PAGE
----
Although the city of Halifax is only 270 years old, very young by old world standards, its history and that of the Maritimes is diverse and rich.
These days, because society as a whole seems to concentrate mostly on the daily fast pace of our here and now, the past often takes a back seat. Yet it is imperative that memories of our storied past not be cast aside. Historical remembrance is something to be sought after, explored and cherished as we move forward.
This column is devoted to featuring brief introductions to people, places and things of interest but mostly forgotten by time - though some may have attained footnotes in history.
Due to the condensed nature of these articles, supplemental image galleries with descriptions and credits will also be provided. I encourage readers to learn more by accessing local libraries, bookstores and the Internet.
The Royal Naval College of Canada
The Naval Dockyard in Halifax was established in 1758 during the Seven Years’ War as the headquarters for the Royal Navy's North American Station. The war was the first global conflict between imperial rivals Britain and France and spanned five continents. Built in 1774 at the northern most end of the Dockyard, Naval Hospital No. 1 was located near what was once part of Upper Water Street (now, Carroll Road). The first officer-in-charge was an influential Loyalist surgeon named Duncan Clark who held the position for eight years (1795-1803). (See Images 1a & 1b above)
In 1819, the hospital caught fire and was completely destroyed but was not rebuilt until many years later in 1863. Hospital No. 2 was constructed on the original’s location. The front view of the building shows its proximity to the transverse boundary wall of 1809 and the wooden Fever Ward to the right. To the left of frame is a small eight-sided smoking house built for recreational use by the staff. The hospital was shut down when the station closed in 1905. (See Image 2 above)
In 1908, with the prospect of a Canadian Navy on the horizon, naval cadets began their training on the Fisheries Protection Service cruiser CGS Canada. After the formation of the Royal Canadian Navy two years later, the former naval hospital was converted into a learning institution for young cadets who would eventually become the fledgling navy’s new generation of officers. In 1911, the Royal Naval College of Canada (RNCC) was founded by the Department of the Naval Service under the auspices of the Minister of Naval Service (and of the Department of Marine and Fisheries). The college was controlled by Rear Admiral Charles Edmund Kingsmill, the first director of the Naval Service. (See Image 3 above)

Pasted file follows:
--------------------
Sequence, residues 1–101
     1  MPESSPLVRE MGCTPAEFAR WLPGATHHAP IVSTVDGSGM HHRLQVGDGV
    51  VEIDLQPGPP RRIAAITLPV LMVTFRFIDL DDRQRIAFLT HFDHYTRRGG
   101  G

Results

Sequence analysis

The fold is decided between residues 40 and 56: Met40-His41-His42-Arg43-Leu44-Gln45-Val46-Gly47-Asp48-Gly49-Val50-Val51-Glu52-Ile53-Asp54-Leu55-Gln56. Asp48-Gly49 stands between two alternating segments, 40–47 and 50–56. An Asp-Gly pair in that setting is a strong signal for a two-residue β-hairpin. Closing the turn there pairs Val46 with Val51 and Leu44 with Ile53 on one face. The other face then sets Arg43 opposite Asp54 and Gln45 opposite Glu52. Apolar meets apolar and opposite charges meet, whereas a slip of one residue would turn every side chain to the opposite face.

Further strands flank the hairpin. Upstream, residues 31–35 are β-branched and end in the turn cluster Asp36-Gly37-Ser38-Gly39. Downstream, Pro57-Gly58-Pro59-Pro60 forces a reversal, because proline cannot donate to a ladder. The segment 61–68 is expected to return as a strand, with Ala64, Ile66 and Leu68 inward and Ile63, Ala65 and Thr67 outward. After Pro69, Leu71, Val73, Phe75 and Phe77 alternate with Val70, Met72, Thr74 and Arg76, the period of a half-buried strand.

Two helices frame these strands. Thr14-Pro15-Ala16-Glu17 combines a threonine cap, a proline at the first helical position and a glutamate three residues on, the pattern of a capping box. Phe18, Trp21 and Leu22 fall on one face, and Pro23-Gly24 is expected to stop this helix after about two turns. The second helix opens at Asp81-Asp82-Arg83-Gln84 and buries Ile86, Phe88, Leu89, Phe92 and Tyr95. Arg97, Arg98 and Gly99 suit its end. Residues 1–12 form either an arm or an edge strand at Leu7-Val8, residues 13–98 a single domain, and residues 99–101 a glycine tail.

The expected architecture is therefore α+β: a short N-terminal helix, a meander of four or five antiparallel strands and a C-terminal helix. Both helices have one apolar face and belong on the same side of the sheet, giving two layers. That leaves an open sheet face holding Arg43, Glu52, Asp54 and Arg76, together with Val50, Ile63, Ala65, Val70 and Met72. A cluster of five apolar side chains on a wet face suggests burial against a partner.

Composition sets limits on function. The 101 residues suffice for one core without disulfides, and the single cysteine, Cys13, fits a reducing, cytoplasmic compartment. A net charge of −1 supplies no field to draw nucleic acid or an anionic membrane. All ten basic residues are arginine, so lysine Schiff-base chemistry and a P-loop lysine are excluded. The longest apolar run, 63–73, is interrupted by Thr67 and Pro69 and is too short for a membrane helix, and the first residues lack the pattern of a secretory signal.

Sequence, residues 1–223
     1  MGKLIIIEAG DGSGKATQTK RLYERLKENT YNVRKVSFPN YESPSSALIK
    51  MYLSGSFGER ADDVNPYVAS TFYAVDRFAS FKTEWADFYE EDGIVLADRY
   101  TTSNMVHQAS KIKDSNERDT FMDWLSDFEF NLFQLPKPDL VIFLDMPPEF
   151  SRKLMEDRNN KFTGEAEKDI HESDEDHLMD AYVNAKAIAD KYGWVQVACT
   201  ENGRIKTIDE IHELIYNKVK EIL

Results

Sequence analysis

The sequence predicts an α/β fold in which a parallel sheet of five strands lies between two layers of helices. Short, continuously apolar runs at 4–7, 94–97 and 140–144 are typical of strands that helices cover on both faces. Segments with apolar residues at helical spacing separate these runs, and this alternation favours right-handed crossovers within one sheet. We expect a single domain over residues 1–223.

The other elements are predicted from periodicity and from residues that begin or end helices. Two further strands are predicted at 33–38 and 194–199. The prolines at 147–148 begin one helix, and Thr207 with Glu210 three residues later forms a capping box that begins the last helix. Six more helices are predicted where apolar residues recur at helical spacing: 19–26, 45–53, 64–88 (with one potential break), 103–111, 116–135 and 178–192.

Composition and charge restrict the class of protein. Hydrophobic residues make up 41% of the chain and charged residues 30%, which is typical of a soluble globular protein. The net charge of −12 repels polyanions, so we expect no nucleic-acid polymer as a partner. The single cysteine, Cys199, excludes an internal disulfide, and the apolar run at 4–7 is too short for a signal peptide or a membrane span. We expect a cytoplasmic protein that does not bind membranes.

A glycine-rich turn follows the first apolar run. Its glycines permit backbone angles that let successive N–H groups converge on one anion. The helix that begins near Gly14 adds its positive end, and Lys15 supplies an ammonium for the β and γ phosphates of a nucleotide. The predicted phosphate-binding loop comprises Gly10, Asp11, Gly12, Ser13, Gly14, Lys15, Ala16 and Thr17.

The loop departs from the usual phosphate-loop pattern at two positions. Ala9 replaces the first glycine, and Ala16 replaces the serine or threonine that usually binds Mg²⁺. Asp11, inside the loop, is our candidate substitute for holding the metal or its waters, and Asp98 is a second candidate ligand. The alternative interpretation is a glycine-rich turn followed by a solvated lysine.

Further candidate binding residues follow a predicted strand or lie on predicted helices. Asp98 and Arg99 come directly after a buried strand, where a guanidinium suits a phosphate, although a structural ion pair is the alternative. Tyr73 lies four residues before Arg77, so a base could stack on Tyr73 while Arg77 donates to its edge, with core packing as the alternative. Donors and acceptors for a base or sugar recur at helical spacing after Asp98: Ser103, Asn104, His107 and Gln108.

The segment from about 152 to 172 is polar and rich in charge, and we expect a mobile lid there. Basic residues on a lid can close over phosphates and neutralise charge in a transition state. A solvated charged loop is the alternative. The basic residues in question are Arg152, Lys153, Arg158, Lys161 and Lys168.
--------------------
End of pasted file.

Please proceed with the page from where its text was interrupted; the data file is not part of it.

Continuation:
The RNCC’s officer-in charge position started off as a co-command with Commander E. H. Martin and Lt. Commander Edward A. E. Nixon, or “Nix” as he was known by the students and staff. However, Martin’s duties as captain superintendent of the Dockyard kept him away from the college for the most part. Teenaged students of 16 years and under entered the RNCC as cadets with the goal of becoming midshipmen. Upon graduation, they were required to perform one year of “big ship duty” aboard a navy vessel after which they would qualify for British warship service. (See Image 4a above)
The youngest cadet to enter the college in 1911 was 14 year-old Leonard W. Murray from Granton, Nova Scotia. He and many of his fellows went on to become leading naval figures of the RCN during WW II. The first four terms at the college each had a duration of two years until the Fifth Term when a third year was added. Approximately 150 cadets in total were taught at the RNCC. In the first graduation photograph of 1913, Lt. Commander Nixon and Commander Martin are seated first and second from left. Midshipman Murray is standing second from left. Five young men from this group lost their lives in The Great War. (See Image 4b above)
During its eleven year existence, the Royal Naval College of Canada was continually threatened with budget cuts and closure due to lack of support. The building suffered extensive damage from the 1917 explosion in Halifax Harbour and some the staff and students incurred injuries. Luckily, there were no fatalities. As the facility was no longer habitable, the boys were sent home for Christmas. (See Image 5 above)
In the spring of 1918, the RNCC was moved temporarily to the Royal Military College at Kingston, Ontario then to Esquimalt, British Columbia in September. Commander E. A. E. Nixon (promoted in 1915) held his position as commandant from the college’s opening in 1911 until a parliamentary decision finally closed its doors in 1922. Hospital No. 2 remained in the Dockyard for several more decades. After renovations, it was used by Reserve Command Division / Administration as late as 1997. In due course, the building was demolished. (See Image 6 above)
Joel Zemel resides and works in Halifax. He was awarded the prestigious 2016 John Lyman Book Award (U.S.A.) in the category of Canadian Marine and Maritime History for his book Scapegoat, an in-depth examination of the legal proceedings following the 1917 Halifax Explosion. He was the historical and design consultant for Canada Post Corporation's stamp commemorating the 100th anniversary of the Halifax Explosion and is included in HRM Archives's "List of Professional Researchers."